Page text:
Authorities launch manhunt for suspect in New Brunswick police killings

The Royal Canadian Mounted Police (RCMP) have launched a manhunt for a gunman after three of its officers were killed and two others were wounded in shootings Wednesday in Moncton, New Brunswick.

Since the attacks, Justin Bourque, 24, has been seen in three different places around Moncton, the latest instance after daylight Thursday morning, said Royal Canadian Mounted Police Commander Marlene Snowman.

Heavily armed RCMP officers are combing streets and woods in search of Bourque, who was wearing military camouflage and carrying two rifles in a picture released by police on Twitter. Schools and government offices were closed, and the city pulled its buses off the roads. Mail delivery was suspended.

Police have commandeered armored trucks and told residents to stay indoors. They warned people to expect roadblocks and traffic disruptions.

Moncton, a city of about 69,000 people, is about 95 miles northeast of St. John, New Brunswick.

Police released a map of a large portion of the northwest section of the city, including a heavily wooded area, where they wanted people to remain inside with their doors locked.

RCMP Constable Damien Theriault said the officers were shot responding to a call about an armed man in the north end of the city at around 7:30 p.m on Wednesday. The two officers who were injured received non life-threatening injuries and were in stable condition.

"We are still actively looking for the shooter," Theriault said. "He is believed to still be in the Pinehurst subdivision area of Moncton. We are urging people in that area to stay inside and lock their doors and for people to say away from that area."

Asked how he was dealing with his grief, Theriault said he personally knew the officers before breaking down and excusing himself because he couldn't complete his sentence.

Danny Leblanc, 42, said he saw the shooter in the distance Wednesday evening, wearing a camouflage outfit and standing in the middle of the street with his gun pointed at police cars.

The construction worker said he believed it was an RCMP officer until he heard a burst of automatic gunfire coming from the man's gun.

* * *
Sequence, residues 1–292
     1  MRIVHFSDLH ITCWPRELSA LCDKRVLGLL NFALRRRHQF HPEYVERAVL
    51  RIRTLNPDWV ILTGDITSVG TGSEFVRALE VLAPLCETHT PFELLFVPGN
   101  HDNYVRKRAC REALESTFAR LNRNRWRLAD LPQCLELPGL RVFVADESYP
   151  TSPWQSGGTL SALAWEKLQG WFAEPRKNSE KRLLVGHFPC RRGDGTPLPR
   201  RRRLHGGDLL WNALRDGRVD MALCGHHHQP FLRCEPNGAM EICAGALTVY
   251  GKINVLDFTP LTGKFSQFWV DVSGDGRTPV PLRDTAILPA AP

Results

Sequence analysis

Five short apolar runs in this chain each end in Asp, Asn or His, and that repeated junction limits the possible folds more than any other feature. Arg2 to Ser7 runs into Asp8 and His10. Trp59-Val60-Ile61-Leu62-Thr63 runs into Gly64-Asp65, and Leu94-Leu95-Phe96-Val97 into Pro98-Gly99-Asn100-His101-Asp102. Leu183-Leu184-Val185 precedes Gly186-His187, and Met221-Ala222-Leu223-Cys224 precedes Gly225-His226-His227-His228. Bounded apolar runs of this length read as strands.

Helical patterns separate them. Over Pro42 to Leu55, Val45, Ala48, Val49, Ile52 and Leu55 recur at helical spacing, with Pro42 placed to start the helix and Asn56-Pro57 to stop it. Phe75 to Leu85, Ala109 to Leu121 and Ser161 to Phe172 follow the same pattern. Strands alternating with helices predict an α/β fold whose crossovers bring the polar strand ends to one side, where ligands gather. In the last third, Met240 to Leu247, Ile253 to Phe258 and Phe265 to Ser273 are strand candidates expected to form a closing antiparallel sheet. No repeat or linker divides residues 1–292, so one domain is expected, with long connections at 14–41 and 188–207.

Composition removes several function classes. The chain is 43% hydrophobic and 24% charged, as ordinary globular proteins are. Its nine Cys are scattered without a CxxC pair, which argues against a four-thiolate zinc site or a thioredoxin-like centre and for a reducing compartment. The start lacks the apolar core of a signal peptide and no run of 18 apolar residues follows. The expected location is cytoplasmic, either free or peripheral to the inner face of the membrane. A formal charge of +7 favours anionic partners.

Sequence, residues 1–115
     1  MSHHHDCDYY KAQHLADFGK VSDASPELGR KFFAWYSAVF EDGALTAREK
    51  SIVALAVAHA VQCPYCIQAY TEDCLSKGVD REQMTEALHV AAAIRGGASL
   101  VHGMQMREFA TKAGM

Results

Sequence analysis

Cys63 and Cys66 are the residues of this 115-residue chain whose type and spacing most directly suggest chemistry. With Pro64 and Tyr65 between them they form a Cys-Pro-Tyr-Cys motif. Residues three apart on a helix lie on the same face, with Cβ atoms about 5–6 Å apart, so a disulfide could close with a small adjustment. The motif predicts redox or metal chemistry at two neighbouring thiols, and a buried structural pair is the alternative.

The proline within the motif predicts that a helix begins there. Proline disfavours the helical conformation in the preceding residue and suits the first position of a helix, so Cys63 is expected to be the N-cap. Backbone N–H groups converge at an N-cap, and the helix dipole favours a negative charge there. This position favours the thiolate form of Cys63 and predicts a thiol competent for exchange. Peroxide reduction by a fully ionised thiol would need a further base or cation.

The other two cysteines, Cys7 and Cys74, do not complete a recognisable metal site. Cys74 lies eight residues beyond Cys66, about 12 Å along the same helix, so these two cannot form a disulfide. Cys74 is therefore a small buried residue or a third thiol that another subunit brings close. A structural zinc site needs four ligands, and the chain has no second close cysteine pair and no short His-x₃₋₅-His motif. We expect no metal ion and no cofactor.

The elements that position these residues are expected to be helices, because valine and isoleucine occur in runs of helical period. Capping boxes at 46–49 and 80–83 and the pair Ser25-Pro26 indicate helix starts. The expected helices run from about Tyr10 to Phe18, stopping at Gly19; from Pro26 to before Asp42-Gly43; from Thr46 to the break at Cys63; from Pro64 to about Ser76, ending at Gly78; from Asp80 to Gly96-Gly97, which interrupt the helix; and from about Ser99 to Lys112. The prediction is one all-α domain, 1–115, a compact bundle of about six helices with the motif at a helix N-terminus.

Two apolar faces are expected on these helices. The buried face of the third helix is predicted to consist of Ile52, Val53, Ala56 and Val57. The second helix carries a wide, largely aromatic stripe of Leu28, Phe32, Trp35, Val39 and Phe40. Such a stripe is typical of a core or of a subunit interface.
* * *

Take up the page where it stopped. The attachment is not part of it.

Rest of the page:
"That guy was standing on the road afterwards and he was looking towards us," he said.

He said he quickly retreated into his home and remained there with his family. At one point a neighbor posted on social media that their kitchen window was shattered by gunfire.

Leblanc, who was in contact with friends on Facebook, said few people on his normally quiet street were sleeping as they awaited word at midnight on whether arrests had been made.

Word that police had been killed shocked the city, Leblanc said.

"It's devastating. I don't know if he was on a hunt for them, or what," he said.

Moncton Mayor George LeBlanc urged all residents to pay strict attention to the RCMP warnings.

"It is a terrible tragedy," he said. "We as a city must pull together as a family to support those who have suffered losses."

Such violence is rare in Canada, particularly on Canada's East Coast. Theriault said the city of Moncton didn't have a homicide last year or this year until Wednesday evening.

"We have been blessed until this point," he told The Associated Press.

He said other RCMP officers from around Atlantic Canada are in Moncton assisting with the search.

The shootings brought back memories of when four Royal Canadian Mounted Police officers were shot and killed in the western Canadian province of Alberta in 2005 in the deadliest attack on Canadian police officers in 120 years. They had been investigating a farm in Mayerthrope, a small hamlet in Alberta when a man shot them before he was killed.

Sean Gallacher, who lives near the area where police were concentrating their search, said he heard what he now believes were gunshots but initially thought his daughter had dropped some toys on the floor above him.

"I was downstairs and heard a few bangs," said Gallacher, 35.

Will Njoku told the CBC that he was emptying his dishwasher and putting his children to bed at around 8 p.m. local time when he heard popping sounds.

"Within 30 seconds I heard sirens," he said, before adding that he heard five more shots after the sirens. When news broke that there was a shooter, he said he went outside to warn his neighbors.

"I felt pretty dumb. But there was people going down there," he said. "I just know my neighborhood. It’s just kid city."

Canadian Public Safety Minister Steven Blaney tweeted that he was "shocked by the tragedy" and that his thoughts and prayers were with frontline RCMP officers.

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The Associated Press contributed to this report.